• Natasha
      natashaskitchen
      August 16, 2017

      HI Natasa, you might try this recipe with sour cream instead. I hope you love the recipe! 🙂 Reply

  • stefany reich-silber
    July 19, 2017

    I am happy to find your piroshki/vareniki dough recipe. My grandmother, from L’vov (now L’viv and was Lemberg when my grandmother lived there, Austro-Hungary) used to make piroshki both with meat and also potato. She also used to make the plum vareniki and they were the same dough. The plum dumplings were boiled and when I used to bite into them, the hot plum would scald my mouth. The piroshki were baked I think, not fried, or leavened with yeast like so many recipes. Thank you. I will try your recipe. Such a shame that I did not think to get her recipes. Reply

    • Natasha's Kitchen
      July 19, 2017

      My pleasure! Please let me know what you think of the recipes! Reply

  • Val
    March 16, 2017

    Hi Natasha, i noticed that you used half cup less flour than in your other vareniki dough, is there any reason for that? Which is your prefered? My vareniki seem to take forever to boil no matter how thin i try making them, so im trying to get a different dough recipe. Also could you please share a tvorog nachinka? Thanks so much!:) Reply

    • Natasha
      natashaskitchen
      March 17, 2017

      Hi Val, I have a few different dough recipes and it’s usually to accommodate for a differing amount of liquid ingredients. The lengthy cooking may be due to rolling the dough out too thick. Try rolling it a little thinner and see if that makes a difference for you. I don’t have a tvorog filling yet but thank you for the idea! 🙂 Reply

  • tracy
    June 7, 2016

    that’s amazing recipe! In China we make dumpling like that, but we never put plums or any fruit inside. Can we try with cherry? Reply

    • Natasha
      natashaskitchen
      June 7, 2016

      Hi Tracy, yes absolutely! Cherries are absolutely delicious inside! 🙂 Reply

  • Sheri
    October 8, 2015

    Being married to someone with a Polish background (Okinewski), I’ve made goulash & golubki but haven’t tried pierogies. My new boss has a Polish background & happened to mention plum pierogies so I’ll see if I can get early brownie points 🙂 Reply

    • Natasha
      natashaskitchen
      October 8, 2015

      I’d give you a raise! 😉 I love that there are so many similar flavor preferences between Polish and Ukrainian food. Reply

  • Tasha
    September 12, 2015

    I made these today exactly as described and they were delicious!! I was wondering if I can freeze them before boiling? I would like to make more for later while I have fresh picked plums. Thank you Reply

    • Natasha
      natashaskitchen
      September 12, 2015

      I think it would work well to freeze them, just dust with flour and place them in the freezer in a single layer then once they are fully frozen, transfer to ziploc bags and return to the freezer. Reply

      • Pat Massier
        August 11, 2016

        I wouldn’t advise that. I did this and the dough turned paperlike. Now I boil, cook, freeze in a layer, and then bag. Reply

        • Natasha
          natashaskitchen
          August 11, 2016

          Hi Pat, I’ve never had that experience. Did you use this dough recipe when that happened? I’ve seen that happen when working with wonton wrappers but this a a pretty sturdy dough for freezing. Reply

  • Leslie
    September 10, 2015

    This recipe reminded me of my childhood friend Tania and her Mom’s Lekvar Prune Butter filled Varenikis! Those were my favorite. I also enjoyed my Mom’s Potato & Cheese Pierogies. Reply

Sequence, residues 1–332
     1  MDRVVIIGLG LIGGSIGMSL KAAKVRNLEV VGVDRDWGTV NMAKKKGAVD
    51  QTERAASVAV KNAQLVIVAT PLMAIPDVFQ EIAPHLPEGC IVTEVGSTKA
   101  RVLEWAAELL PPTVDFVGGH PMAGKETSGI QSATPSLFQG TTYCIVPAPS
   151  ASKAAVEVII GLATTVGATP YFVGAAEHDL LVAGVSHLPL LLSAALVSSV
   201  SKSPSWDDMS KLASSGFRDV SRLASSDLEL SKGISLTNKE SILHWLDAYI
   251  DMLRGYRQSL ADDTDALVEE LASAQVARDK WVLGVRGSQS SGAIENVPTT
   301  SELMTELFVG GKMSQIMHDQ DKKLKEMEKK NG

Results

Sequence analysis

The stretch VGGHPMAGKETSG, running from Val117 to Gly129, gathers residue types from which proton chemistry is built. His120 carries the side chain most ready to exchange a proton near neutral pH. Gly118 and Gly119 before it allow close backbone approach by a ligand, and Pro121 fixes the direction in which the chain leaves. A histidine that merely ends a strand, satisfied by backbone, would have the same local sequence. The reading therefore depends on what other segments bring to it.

• Natasha
      natashaskitchen
      September 11, 2015

      I love it when a recipe brings great memories from the childhood :). Reply

  • Cathy
    August 28, 2015

    Hi! One of my roommates was from Russia and we were comparing food. He told me about the pelmeni. A friend of mine called them verenekie (phonetic spelling) and always talked about all the butter. I didn’t know you had fruit versions. My parents are Hungarian and we ate lots of Hungarian food. One of our favourites was very similar – called gomboc. We made dough from left-over mashed potatoes adding an egg and some flour. We filled them with a thick plum jam or now I fill with a pitted prune. We served then with breadcrumbs browned in butter and sugar. Our dumplings looked different too — we cut a square and put fruit in middle and then brough all the corners up and pinched the dough closed. I also made then with a sweeted ricotta filling which was excellent too.

    I want to get one of these moulds as it will speed up production – especially if making on my own. Otherwise it’s kind of a fun and relaxing thing to do with friends or family. I will give your recipe a try. Thanks for your post. Reply

    • Natasha
      natashaskitchen
      August 28, 2015

      Your versions sound amazing!! Would you be able to share your recipes with me? I’d love to try them! My email: natashaskitchen @ yahoo.com (no spaces). Reply

  • larry
    April 12, 2015

    found this recipe a few months ago.
    am commenting now!
    my Ciocia Genny made plum pierogies all the time.
    she had plum trees bordering her back yard.
    damson plums and one Italian plum tree.
    when they were ripe they were used fresh for pies, pierogies, and on breakfast kasha (buckwheat groats).
    she also canned them and made jam.
    at Wiglia she made the plum pierogies.
    we poured melted butter with cinnamom over them.
    such good memories.
    your dough recipe is different than the one i use.
    so i decided to try your dough recipe to make plum pierogies.
    i want to thank you for posting this because they were delightful!!!
    this was a great dough recipe.
    i also made them with apples and blueberries.
    thank you for sharing this! Reply

    • Natasha
      natashaskitchen
      April 12, 2015

      I’m so happy you enjoyed the recipe! Thank you so much for sharing that with me and for sharing your food memories 🙂 Reply